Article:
This month The Jewish Foundation for the Righteous (JFR) recommends Collect and Record!: Jewish Holocaust Documentation in Early Postwar Europe, by Laura Jockusch. This book won the 2012 National Jewish Book Award in Holocaust.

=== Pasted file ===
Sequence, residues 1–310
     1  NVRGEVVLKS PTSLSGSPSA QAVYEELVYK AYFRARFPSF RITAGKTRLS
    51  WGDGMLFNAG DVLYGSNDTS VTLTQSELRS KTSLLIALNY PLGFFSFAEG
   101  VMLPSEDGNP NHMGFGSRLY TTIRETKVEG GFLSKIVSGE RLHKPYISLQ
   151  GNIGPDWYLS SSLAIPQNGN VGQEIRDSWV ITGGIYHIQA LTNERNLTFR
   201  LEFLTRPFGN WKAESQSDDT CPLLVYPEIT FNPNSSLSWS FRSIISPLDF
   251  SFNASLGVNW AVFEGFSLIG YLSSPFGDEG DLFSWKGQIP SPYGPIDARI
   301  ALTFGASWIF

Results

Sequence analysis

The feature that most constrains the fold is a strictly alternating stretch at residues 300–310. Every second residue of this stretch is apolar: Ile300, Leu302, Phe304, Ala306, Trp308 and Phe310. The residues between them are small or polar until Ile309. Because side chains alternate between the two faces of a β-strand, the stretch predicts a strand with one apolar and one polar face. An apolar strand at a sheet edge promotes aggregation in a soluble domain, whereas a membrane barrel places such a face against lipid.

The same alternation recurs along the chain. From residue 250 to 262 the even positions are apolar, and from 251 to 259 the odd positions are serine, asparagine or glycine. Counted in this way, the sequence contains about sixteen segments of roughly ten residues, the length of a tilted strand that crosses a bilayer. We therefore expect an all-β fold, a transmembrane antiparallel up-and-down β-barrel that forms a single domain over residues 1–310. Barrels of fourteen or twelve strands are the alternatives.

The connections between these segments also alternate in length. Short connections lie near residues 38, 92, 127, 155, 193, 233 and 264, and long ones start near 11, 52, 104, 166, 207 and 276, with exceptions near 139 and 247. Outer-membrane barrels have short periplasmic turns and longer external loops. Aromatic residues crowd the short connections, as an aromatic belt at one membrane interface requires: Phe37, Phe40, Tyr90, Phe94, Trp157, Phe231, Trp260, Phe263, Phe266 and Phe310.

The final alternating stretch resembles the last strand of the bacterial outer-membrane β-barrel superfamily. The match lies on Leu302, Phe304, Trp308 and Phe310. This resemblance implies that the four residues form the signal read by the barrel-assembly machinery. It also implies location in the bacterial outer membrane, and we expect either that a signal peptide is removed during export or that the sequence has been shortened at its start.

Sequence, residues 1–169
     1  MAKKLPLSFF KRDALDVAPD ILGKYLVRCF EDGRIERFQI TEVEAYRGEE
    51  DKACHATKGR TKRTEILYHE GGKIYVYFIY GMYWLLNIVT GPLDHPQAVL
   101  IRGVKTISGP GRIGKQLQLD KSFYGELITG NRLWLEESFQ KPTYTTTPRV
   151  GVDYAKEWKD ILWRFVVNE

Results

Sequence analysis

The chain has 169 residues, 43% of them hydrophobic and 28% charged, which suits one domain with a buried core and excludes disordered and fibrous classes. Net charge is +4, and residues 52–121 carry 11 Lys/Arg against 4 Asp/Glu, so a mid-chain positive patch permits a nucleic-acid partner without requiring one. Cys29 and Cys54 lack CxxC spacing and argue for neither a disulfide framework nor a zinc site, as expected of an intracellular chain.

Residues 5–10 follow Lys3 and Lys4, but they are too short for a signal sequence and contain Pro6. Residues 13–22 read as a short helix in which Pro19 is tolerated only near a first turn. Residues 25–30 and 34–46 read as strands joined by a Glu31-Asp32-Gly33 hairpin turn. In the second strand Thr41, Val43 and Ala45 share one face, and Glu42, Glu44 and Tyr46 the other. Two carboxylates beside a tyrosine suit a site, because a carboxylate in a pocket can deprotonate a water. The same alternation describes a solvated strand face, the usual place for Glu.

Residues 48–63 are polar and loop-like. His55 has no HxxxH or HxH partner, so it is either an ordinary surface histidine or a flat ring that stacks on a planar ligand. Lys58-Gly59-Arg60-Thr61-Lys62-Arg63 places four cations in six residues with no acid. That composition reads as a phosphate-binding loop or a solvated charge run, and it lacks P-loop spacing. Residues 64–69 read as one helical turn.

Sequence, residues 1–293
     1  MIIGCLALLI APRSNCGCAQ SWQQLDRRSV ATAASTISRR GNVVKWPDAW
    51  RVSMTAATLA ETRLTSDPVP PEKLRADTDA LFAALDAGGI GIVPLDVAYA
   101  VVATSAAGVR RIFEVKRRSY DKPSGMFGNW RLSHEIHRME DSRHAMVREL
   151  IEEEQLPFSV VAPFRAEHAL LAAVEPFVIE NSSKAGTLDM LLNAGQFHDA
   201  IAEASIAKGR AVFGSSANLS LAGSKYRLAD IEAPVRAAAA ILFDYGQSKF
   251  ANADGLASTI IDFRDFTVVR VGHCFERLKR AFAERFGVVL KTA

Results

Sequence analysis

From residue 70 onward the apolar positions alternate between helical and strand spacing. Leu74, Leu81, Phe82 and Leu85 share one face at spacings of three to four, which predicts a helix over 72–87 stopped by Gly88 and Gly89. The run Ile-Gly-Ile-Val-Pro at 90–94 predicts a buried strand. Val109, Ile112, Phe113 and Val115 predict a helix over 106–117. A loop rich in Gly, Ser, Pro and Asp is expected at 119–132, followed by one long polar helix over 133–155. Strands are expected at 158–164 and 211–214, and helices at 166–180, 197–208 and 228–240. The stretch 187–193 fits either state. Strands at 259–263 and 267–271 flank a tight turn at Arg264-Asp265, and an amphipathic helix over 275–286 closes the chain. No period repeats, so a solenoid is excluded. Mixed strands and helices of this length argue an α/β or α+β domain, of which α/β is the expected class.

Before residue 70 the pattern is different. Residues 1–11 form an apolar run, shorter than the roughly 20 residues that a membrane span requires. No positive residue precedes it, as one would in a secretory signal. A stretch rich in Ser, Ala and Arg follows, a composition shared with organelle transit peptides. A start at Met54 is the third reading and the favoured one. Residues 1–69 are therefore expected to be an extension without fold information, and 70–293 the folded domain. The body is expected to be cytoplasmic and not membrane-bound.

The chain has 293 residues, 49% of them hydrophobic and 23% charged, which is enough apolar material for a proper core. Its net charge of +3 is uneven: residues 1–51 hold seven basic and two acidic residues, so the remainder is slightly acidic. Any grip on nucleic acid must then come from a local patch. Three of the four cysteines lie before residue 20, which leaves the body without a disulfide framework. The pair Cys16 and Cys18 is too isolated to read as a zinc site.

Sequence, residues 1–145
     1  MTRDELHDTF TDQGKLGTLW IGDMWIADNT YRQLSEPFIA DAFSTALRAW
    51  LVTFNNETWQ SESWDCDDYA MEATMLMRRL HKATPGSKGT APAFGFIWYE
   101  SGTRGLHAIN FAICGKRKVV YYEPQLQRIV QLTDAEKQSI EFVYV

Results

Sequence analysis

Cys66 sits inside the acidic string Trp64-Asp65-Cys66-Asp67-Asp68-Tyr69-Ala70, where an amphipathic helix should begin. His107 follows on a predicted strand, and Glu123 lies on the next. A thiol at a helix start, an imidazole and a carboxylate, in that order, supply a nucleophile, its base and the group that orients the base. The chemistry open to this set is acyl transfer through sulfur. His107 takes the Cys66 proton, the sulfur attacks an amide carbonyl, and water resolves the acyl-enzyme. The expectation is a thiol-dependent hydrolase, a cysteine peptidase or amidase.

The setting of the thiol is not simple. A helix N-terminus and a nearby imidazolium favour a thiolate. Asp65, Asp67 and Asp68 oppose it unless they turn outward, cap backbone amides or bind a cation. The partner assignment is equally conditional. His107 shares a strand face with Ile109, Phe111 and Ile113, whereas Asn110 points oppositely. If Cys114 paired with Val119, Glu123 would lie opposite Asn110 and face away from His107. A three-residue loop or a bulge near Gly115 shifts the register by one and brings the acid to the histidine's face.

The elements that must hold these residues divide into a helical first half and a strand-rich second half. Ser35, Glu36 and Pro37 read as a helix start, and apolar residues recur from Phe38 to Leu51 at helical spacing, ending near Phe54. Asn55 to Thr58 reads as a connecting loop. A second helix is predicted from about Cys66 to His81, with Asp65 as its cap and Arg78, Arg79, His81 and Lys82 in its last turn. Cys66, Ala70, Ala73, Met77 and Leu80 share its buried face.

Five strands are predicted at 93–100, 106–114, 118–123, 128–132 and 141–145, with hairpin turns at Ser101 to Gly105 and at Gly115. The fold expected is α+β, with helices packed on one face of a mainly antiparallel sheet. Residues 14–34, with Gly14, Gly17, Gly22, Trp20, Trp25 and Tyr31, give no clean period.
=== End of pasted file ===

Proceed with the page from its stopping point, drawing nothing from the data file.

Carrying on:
This book tells the story of Jewish survivors who pioneered Holocaust research in the immediate aftermath of World War II. Just liberated from Nazi terror, amidst political turmoil and privation, physically exhausted and traumatized women and men founded historical commissions and documentation centers throughout Europe to chronicle the Nazi Final Solution. By comparing the cases of France, Poland, and the Displaced Persons camps in Allied-occupied Germany, Austria, and Italy, the book explores the motivations and methods which guided survivors in compiling archives of tens of thousands of Nazi documents, eyewitness accounts and questionnaires, ghetto and camp literature, wartime diaries, and artifacts, and in publishing dozens of historical works. Its comparative method illuminates the transnational dimension of Jewish Holocaust research and its place within the larger context of twentieth-century Jewish historiography. It argues that these documentation initiatives not only perpetuated certain Jewish cultural traditions of history writing and memory that predated the Holocaust but that collecting, recording, and researching the Jewish catastrophe had a vital function in survivors’ posttraumatic recovery. In their use of victim and perpetrator sources and social-science-oriented research methods and their focus on the history of the everyday life and death of the Jews in Nazi-occupied Europe, the Jewish historical commissions and documentation centers anticipated methodological questions and debates over the use of victim testimony and the writing of history “from below” which entered academic Holocaust historiography only toward the end of the twentieth century. It also takes issue with the widespread misconception that all Holocaust testimony was belated, due to survivors’ decades-long silence, and that systematic Holocaust historiography began only with the 1960s.
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